The Hungarian capital is one of the most stunning cities in the world with a population of 1.75 million. Budapest is relatively young, it was founded in 1873 when the cities of Pest, Buda and Óbuda were merged. Divided by the river Danube the Buda side is hilly, while Pest was built on a plain. Most of the sights are located in the city center and all of them are easy to reach. It’s time to discover them!
Budapest is definitely not one of those cities that you can fully explore in two or three days. However, if you are staying only for a couple of days, you still have a chance to discover the most important sights, some local entertainment spots and perhaps some hidden treasures as well. Let’s see what this city has to offer!
We suggest that you start your tour from Deák Ferenc tér (just a little Hungarian lesson: ‘tér’ means square and ‘utca’ means street). In case you still or already have your luggage with you, you may check it in at the information point of Luggair before starting your tour as sightseeing is no fun with a luggage. When you’ve “exhausted” yourself with marveling at the stunning buildings, you shall head to Deák Ferenc utca (street), aka Fashion Street which takes you almost directly to the Danube and the stunning River Promenade.
After enjoying the view from the riverbank, you can cross the Danube on the Chain Bridge that leads you directly to the station of the Castle Hill funicular (Budavári Sikló) which is the easiest way to get to the top of the hill while also providing a perfect view of the city. In case you are short of time, there is an alternative route by public transport, a bus that also leaves from Deák Ferenc tér. In the courtyards of Buda Castle you will find the beautiful Matthias Fountain, statues of the mythical Turul bird and the lions of the courtyard; the building itself houses the National Széchényi Library, the National Gallery and the Budapest History Museum. In the Castle District, don’t miss the Matthias Church (Mátyás-templom) and the Fisherman’s Bastion (Halászbástya) – all of them are in short walking distance from each other. Halászbástya is the number one lookout point of the Castle District that provides you a truly breathtaking view of Pest. In addition to being a true memento of Budapest’s history, the Buda Tower, aka Mária Magdolna-torony also gives you a unique view of the city.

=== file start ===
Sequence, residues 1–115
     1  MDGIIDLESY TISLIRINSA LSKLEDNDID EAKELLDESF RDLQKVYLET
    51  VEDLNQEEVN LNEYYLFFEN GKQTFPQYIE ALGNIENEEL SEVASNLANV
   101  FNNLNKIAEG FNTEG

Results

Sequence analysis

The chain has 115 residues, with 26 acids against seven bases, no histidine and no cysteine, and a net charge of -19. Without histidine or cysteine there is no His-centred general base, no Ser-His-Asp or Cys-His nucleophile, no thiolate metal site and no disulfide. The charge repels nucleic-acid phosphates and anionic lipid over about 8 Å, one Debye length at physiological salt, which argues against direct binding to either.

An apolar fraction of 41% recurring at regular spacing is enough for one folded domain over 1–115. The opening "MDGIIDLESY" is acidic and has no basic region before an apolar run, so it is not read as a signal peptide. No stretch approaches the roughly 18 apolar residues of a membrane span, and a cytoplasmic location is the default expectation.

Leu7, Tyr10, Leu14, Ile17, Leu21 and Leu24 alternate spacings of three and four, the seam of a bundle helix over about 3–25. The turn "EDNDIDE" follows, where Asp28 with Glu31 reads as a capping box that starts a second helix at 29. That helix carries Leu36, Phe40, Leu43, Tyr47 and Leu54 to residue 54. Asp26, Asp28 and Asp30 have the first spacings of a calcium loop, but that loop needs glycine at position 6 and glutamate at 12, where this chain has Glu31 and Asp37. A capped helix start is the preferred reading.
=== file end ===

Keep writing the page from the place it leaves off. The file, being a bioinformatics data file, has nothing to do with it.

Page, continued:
You can walk back to the Pest side on the Chain Bridge and head north towards the magnificent building of the Hungarian Parliament. If you prefer to see the front side as well, take metro line M2 for 1 stop from Kossuth tér to Batthyány tér and have another look from a very different angle on Europe’s second largest parliament building. If you are not so keen on taking a guided tour to visit the building and see its (stunning) interiors, you may indulge in something sweet at the Szamos Chocolate Museum on the corner of Kossuth tér, which is owned by of one of the oldest and most renowned chocolate manufacturers of Hungary.
History buffs will be more than happy to take a walk past the statue of Ronald Reagan on the nearby Szabadság tér (Liberty Square) where you can still find a Soviet war memorial standing. From there the Saint Stephen’s basilica (named in honor of Stephen I, the first king of Hungary) is just a shout away. The dome of the basilica offers one of the most spectacular views of the buzzing city below. You can reach the top by walking up 364 steps or by taking the elevators.